## What are we learning ?

**Competency in Focus:** combinatorics

This problem from B.Stat. (Hons.) Admission Test 2005 – Objective Problem 1 is based on arranging integers to get particular results.

## First look at the knowledge graph:-

## Next understand the problem

1. How many three-digit numbers of distinct digits can be formed by using the digits 1, 2, 3, 4, 5, 9 such that the sum of the digits is at least 12? (A) 61 (B) 66 (C) 60 (D) 11

##### Source of the problem

B.Stat. (Hons.) Admission Test 2005 – Objective problem 1

##### Key Competency

##### Difficulty Level

4/10

##### Suggested Book

Challenges and Thrills in Pre College Mathematics Excursion Of Mathematics

## Start with hints

Do you really need a hint? Try it first!

Out of \(n\) things we can select \(r\) thing ins in \left( \begin{array}{c} n \\ r \end{array} \right) ways. Similarly we can select \(3\) integers out of \(6\) in \left( \begin{array}{c} 6 \\ 3 \end{array} \right) ways.

We want to count the cases that do not work (That means sum becomes less than 12). Note that if 9 is one of the three digits then the sum of the digits will be 12 or more (least case is 9+1+2 =12). an similarly you can thing next posibiily.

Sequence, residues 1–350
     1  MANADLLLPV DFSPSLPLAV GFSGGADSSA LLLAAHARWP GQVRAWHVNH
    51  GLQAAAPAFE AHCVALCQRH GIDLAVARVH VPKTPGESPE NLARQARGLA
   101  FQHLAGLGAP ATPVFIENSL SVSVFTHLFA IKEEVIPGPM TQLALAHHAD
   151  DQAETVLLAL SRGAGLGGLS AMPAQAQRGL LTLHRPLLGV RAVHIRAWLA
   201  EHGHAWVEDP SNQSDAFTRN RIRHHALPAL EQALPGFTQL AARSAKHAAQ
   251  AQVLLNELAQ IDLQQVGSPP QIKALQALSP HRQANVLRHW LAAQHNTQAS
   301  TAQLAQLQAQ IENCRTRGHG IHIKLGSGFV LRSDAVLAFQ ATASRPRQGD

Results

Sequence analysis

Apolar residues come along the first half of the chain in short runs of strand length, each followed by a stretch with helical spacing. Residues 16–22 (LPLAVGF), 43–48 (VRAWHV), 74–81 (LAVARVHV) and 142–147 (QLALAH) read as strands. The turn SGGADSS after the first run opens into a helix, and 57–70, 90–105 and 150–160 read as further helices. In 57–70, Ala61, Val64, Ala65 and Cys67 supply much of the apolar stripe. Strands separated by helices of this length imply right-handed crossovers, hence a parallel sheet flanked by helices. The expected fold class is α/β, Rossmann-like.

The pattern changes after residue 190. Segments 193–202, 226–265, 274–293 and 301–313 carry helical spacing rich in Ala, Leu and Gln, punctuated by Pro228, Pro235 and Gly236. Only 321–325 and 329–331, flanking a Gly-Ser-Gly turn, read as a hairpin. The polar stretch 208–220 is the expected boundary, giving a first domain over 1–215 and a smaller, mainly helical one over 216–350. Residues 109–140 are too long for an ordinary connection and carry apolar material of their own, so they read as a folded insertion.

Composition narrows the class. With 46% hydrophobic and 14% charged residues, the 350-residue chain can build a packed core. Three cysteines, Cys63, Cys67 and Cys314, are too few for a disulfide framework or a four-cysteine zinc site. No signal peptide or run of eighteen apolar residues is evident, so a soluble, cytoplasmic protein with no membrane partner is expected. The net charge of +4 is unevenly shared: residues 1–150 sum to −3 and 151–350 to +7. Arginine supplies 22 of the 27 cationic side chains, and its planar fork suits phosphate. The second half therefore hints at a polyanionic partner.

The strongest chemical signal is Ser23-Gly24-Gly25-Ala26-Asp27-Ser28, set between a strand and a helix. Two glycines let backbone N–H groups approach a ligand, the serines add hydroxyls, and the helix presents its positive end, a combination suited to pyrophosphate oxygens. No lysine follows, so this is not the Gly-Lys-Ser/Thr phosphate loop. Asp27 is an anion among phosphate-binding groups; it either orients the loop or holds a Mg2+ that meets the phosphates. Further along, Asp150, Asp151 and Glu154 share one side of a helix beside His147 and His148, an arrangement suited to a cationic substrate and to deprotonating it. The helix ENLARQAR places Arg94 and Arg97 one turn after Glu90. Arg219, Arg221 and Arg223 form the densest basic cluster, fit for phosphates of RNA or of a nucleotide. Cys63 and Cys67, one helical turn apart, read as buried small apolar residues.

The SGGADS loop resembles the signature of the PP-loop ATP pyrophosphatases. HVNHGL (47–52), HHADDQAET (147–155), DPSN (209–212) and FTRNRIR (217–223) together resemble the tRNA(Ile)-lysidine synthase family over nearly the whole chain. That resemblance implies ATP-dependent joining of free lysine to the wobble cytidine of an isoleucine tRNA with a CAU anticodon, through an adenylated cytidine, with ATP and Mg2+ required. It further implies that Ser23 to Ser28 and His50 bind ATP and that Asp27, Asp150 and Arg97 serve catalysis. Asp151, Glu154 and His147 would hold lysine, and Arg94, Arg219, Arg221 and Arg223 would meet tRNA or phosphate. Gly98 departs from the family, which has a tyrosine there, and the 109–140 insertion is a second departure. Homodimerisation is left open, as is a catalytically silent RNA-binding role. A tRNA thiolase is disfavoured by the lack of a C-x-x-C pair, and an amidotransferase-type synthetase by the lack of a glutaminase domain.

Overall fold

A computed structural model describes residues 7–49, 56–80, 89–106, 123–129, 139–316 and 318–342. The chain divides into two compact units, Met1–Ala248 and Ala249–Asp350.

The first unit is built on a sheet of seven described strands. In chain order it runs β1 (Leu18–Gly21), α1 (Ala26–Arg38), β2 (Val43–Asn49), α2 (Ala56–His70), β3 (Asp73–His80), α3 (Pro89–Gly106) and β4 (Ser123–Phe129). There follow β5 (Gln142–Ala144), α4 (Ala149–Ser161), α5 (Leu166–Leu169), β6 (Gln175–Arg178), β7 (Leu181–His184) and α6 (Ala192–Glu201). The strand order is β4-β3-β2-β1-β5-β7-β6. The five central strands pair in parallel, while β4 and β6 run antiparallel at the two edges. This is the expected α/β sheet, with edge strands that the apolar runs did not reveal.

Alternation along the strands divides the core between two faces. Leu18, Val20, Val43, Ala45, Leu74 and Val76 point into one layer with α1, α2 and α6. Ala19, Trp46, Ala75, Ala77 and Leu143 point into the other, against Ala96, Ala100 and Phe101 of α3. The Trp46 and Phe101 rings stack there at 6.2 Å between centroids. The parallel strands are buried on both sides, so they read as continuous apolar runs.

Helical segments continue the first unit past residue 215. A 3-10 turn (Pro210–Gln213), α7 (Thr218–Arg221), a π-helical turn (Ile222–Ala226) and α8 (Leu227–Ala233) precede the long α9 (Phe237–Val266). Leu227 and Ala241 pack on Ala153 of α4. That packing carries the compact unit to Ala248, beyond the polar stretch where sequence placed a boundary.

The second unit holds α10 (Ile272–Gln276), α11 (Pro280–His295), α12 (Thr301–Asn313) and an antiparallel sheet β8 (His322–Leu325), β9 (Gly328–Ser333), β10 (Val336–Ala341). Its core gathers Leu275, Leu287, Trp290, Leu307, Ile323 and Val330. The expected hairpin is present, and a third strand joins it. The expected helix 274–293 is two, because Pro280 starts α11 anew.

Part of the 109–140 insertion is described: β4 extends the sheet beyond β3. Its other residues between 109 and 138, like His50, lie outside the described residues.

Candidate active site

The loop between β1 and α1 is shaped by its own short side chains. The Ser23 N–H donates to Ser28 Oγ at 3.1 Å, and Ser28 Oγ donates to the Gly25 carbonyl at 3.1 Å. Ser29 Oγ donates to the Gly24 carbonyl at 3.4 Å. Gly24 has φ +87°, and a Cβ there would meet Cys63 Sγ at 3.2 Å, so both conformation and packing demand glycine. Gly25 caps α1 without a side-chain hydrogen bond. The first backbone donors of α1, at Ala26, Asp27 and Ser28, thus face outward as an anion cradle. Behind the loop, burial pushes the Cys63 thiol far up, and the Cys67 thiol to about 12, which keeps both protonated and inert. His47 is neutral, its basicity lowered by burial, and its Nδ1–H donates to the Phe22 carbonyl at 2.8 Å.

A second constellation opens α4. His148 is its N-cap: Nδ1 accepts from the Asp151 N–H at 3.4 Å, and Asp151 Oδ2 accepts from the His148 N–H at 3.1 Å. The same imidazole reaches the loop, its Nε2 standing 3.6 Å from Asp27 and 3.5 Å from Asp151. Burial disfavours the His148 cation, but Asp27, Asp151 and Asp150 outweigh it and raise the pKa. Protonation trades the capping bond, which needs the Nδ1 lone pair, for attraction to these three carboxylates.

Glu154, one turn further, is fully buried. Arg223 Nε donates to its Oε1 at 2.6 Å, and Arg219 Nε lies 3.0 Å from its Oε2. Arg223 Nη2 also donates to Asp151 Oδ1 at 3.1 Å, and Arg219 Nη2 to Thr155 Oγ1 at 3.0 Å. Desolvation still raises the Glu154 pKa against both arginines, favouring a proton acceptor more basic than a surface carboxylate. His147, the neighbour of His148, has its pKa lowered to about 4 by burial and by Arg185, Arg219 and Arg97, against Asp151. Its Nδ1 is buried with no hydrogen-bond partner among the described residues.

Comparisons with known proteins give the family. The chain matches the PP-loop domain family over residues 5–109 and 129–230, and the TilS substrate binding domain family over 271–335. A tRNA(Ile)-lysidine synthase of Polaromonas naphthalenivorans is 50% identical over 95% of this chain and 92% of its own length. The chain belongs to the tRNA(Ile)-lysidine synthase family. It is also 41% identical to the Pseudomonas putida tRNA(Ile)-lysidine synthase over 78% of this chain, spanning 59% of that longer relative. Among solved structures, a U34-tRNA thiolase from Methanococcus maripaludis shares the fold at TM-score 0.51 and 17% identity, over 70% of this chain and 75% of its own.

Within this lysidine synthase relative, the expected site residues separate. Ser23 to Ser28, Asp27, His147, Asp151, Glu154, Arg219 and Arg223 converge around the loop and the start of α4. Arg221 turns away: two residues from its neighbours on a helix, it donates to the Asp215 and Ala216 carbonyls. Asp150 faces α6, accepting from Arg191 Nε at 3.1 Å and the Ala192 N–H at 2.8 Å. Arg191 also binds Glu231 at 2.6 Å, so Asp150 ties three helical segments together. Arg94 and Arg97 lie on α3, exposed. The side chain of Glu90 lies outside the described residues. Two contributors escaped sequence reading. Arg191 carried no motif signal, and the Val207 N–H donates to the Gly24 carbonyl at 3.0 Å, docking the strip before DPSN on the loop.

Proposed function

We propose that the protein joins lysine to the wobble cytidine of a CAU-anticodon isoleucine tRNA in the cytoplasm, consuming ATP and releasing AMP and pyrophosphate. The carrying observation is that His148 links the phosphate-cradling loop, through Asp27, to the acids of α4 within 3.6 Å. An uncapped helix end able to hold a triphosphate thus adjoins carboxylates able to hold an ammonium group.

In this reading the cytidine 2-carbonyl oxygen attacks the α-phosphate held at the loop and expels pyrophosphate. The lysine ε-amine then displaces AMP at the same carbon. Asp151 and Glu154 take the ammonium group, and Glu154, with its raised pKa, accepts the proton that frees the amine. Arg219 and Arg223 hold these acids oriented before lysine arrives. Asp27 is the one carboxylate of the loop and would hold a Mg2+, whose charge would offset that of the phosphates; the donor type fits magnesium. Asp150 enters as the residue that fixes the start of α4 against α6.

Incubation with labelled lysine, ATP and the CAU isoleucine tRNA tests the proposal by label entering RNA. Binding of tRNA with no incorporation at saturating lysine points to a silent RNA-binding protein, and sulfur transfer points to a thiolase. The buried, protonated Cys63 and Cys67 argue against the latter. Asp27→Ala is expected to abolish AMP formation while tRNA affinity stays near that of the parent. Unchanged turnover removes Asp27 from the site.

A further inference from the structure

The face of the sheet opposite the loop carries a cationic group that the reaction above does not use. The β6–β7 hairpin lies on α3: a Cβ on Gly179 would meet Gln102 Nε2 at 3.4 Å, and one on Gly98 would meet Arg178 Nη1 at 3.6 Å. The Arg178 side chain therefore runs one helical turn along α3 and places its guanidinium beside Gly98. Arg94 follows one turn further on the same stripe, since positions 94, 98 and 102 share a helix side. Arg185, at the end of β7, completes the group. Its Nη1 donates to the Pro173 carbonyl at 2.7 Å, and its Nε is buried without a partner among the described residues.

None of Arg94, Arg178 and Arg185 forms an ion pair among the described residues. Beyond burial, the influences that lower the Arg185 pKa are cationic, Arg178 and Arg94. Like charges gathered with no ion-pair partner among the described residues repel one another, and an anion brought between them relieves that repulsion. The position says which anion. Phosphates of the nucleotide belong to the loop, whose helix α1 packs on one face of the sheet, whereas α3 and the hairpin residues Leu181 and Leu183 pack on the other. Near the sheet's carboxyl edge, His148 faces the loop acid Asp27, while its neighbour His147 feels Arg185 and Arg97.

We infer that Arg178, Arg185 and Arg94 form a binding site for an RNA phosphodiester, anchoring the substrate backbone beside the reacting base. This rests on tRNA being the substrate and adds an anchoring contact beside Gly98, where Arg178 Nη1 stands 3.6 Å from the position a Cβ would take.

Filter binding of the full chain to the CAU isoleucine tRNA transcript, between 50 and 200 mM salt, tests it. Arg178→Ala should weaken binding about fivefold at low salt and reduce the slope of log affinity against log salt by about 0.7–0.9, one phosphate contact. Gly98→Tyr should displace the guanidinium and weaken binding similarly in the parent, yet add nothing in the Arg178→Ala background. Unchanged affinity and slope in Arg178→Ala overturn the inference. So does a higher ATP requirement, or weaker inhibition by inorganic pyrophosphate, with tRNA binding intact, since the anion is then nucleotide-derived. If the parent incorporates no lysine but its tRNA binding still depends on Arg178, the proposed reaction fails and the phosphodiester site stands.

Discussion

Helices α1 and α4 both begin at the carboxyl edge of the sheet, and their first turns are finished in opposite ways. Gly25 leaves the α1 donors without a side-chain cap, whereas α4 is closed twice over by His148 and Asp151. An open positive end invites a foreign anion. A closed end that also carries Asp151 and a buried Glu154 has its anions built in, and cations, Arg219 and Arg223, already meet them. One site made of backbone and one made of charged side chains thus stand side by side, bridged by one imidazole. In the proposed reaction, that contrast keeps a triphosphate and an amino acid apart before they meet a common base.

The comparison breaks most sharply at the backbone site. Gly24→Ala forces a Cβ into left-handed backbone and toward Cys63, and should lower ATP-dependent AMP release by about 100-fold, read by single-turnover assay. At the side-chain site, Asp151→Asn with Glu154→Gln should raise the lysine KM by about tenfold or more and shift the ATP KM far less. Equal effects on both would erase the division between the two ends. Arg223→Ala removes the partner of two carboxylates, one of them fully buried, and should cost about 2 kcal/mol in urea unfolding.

Note that if we want get the numbers whose sum is equal to or greater than 12 then from the digits 1,2,3,4 and 5 (but not 9), then there is only one posibility and that is \(5+4+3\).

Therefore we select 3 distinct digits from the five digits and delete the one selection of {5, 4, 3}. This gives us the total number of bad cases. \(\left( \begin{array}{c} n \\ r \end{array} \right)–1=9\).

Now we have total 20 posibilities out of which 9 are non-working solutions for our question. So total orking solutions is \(20-9=11\). Further we can arrange this 3 letters in \(3! =6\) ways. Hence the total number of required ways = \( 11 * 6=66 \).

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